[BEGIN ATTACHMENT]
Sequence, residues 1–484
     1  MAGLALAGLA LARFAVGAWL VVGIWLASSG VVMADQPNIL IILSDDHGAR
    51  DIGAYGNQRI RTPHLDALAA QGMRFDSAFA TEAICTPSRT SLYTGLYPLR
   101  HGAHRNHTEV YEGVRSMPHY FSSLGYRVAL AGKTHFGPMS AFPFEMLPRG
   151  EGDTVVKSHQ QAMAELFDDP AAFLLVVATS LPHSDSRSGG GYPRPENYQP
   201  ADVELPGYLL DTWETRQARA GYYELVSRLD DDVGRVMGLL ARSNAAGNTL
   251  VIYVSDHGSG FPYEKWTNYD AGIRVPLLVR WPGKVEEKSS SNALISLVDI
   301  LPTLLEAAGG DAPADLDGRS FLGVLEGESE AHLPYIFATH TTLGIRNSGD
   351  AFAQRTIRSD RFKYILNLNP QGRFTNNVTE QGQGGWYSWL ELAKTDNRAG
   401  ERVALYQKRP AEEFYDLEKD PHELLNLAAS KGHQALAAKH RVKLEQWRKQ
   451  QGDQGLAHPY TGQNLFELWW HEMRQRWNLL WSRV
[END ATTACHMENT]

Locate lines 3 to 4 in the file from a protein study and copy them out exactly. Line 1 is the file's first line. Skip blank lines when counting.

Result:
    51  DIGAYGNQRI RTPHLDALAA QGMRFDSAFA TEAICTPSRT SLYTGLYPLR
   101  HGAHRNHTEV YEGVRSMPHY FSSLGYRVAL AGKTHFGPMS AFPFEMLPRG